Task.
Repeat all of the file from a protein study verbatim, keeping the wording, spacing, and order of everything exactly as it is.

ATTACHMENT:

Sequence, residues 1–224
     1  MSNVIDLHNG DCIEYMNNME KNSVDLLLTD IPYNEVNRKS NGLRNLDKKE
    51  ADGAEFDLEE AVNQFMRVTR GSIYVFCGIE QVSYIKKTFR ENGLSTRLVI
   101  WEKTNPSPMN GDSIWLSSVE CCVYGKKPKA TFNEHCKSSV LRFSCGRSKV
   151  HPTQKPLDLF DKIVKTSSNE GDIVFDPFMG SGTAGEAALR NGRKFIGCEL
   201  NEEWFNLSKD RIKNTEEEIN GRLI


Sequence, residues 1–224
     1  MSNVIDLHNG DCIEYMNNME KNSVDLLLTD IPYNEVNRKS NGLRNLDKKE
    51  ADGAEFDLEE AVNQFMRVTR GSIYVFCGIE QVSYIKKTFR ENGLSTRLVI
   101  WEKTNPSPMN GDSIWLSSVE CCVYGKKPKA TFNEHCKSSV LRFSCGRSKV
   151  HPTQKPLDLF DKIVKTSSNE GDIVFDPFMG SGTAGEAALR NGRKFIGCEL
   201  NEEWFNLSKD RIKNTEEEIN GRLI